Biblical Commentary on the Old Testament, by Carl Friedrich Keil and Franz Delitzsh, [1857-78], at sacred-texts.com
2 Chronicles 30:1
The celebration of the passover. - Ch2 30:1-12. The preparations for this celebration. - Ch2 30:1. Hezekiah invited all Israel and Judah to it; "and he also wrote letters to Ephraim and Manasseh," the two chief tribes of the northern kingdom, which here, as is manifest from Ch2 30:5, Ch2 30:10, are named instar omnium. But the whole sentence serves only to elucidate כּל־שׂראל על ישׁלה. To all Israel (of the ten tribes) he sent the invitation, and this he did by letters. The verse contains a general statement as to the matter, which is further described in what follows.
2 Chronicles 30:2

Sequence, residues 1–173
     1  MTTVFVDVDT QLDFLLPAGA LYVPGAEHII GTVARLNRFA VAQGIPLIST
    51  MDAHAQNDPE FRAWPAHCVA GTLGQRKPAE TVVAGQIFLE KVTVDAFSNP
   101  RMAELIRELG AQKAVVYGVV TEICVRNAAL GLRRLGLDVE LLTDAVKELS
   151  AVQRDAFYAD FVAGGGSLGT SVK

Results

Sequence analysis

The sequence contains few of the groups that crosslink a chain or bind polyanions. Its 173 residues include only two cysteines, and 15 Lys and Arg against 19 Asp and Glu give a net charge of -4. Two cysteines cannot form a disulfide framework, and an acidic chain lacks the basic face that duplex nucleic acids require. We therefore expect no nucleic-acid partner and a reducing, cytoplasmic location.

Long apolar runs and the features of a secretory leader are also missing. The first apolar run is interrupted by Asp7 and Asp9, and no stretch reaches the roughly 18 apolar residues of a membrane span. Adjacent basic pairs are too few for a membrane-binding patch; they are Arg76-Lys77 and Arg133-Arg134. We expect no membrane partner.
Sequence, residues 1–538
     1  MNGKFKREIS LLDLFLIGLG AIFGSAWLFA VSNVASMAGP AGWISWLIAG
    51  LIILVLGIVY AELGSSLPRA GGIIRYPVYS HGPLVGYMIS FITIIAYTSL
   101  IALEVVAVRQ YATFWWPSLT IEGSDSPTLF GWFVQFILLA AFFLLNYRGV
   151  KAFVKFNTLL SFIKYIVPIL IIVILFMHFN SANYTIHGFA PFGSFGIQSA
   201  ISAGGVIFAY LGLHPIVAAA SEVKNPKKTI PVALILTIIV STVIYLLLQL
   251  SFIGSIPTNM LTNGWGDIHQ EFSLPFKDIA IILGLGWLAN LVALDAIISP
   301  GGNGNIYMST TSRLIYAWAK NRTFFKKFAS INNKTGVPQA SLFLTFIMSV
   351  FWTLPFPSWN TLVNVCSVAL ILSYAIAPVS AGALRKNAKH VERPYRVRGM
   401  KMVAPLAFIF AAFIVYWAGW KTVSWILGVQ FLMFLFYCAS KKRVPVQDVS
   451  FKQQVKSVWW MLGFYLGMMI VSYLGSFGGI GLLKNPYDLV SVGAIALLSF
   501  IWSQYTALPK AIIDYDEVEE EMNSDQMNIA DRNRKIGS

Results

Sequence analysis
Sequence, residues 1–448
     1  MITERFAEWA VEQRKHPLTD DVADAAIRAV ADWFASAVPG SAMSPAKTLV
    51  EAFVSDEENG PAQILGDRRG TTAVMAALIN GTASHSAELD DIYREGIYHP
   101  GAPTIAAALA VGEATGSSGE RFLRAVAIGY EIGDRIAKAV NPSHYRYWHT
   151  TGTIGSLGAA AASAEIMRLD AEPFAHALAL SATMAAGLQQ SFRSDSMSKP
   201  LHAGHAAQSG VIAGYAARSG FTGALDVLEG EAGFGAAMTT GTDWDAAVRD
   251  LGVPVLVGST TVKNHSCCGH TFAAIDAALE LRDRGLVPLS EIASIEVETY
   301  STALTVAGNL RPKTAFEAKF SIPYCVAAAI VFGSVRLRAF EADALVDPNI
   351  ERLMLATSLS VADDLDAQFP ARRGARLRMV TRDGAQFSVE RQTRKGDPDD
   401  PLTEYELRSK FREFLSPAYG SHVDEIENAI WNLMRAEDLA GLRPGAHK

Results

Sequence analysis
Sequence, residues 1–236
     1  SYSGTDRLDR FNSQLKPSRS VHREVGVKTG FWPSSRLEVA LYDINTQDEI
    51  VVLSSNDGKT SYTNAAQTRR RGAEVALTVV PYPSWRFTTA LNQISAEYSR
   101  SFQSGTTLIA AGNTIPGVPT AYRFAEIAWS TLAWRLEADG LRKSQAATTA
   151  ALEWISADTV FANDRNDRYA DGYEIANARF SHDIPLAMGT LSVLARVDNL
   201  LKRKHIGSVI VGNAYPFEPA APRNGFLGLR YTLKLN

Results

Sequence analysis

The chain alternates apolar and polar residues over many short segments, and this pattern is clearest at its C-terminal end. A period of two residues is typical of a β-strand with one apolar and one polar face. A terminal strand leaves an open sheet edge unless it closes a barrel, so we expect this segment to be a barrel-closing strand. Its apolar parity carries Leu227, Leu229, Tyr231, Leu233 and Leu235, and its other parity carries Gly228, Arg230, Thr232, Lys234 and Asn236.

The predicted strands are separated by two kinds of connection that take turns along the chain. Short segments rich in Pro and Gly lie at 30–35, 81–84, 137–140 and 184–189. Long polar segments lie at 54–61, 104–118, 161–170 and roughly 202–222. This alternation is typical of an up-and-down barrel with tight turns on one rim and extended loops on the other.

The king consulted with his princes and the whole assembly in Jerusalem, i.e., with the community of the capital assembled in their representatives for this purpose, as to keeping the passover in the second month. This was (Num 9:6-13) allowed to those who, by uncleanness or by absence on a distant journey, were prevented from holding the feast at the lawful time, the 14th of the first month. Both these reasons existed in this case (Ch2 30:3): the priests had not sufficiently sanctified themselves, and the people had not assembled in Jerusalem, sc. at the legal time in the first month. למדּי, contracted from מה־דּי, that which is sufficient, is usually interpreted, "not in sufficient number" (Rashi, Vulg., Berth., etc.); but the reference of the word to the number cannot be defended. למדּי denotes only ad sufficientiam, and means not merely that the priests had not sanctified themselves in such numbers as were required for the slaughtering and offering of the paschal lambs, but that the priesthood in general was not yet sufficiently consecrated, many priests not having at that time wholly renounced idolatry and consecrated themselves anew. Nor does the passage signify, as Bertheau says it does, "that although the purification of the temple was completed only on the sixteenth day of the first month (Ch2 29:17), the passover would yet have been celebrated in the first month, though perhaps not on the legal fourteenth day, had not a further postponement become necessary for the reasons here given;" for there is nothing said in the text of a "further postponement." That is just as arbitrarily dragged into the narrative as the idea that Hezekiah ever intended to hold the passover on another day than the legal fourteenth day of the month, which is destitute of all support, and even of probability. The postponement of the passover until the second month in special circumstances was provided for by the law, but the transfer of the celebration to another day of the month was not. Such a transfer would have been an illegal and arbitrary innovation, which we cannot suppose Hezekiah capable of. Rather it is clear from the consultation, that the king and his princes and the congregations were persuaded that the passover could be held only on the fourteenth day of the month; for they did not consult as to the day, but only as to the month, upon the basis of the law: if not in the first, then at any rate in the second month. The day was, for those consulting, so definitely fixed that it was never discussed, and is not mentioned at all in the record. If this were so, then the consultation must have taken place in the first month before the fourteenth day, at a time when the lawful day for the celebration was not yet past. This is implied in the words, "for they could not hold it at that time." ההיא בּעת is the first month, in contrast to "in the second month;" not this or that day of the month. Now, since the reason given for their not being able to hold it in the first month is that the priests had not sufficiently purified themselves, and the people had not assembled themselves in Jerusalem, we learn with certainty from these reasons that it is not a celebration of the passover in the first year of Hezekiah's reign which is here treated of, as almost all commentators think.